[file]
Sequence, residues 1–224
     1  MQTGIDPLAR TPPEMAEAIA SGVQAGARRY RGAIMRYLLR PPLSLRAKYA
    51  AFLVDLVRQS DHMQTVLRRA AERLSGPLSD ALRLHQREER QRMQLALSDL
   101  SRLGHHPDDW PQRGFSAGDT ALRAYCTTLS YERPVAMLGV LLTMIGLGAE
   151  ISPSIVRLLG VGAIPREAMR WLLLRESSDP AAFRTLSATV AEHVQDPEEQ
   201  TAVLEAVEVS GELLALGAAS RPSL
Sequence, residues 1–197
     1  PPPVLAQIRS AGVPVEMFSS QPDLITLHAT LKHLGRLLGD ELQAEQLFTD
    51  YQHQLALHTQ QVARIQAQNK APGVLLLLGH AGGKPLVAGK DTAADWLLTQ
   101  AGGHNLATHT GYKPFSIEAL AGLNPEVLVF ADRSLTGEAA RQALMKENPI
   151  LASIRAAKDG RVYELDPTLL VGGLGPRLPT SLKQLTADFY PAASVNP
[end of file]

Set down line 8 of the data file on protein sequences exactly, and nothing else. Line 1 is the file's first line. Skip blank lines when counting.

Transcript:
     1  PPPVLAQIRS AGVPVEMFSS QPDLITLHAT LKHLGRLLGD ELQAEQLFTD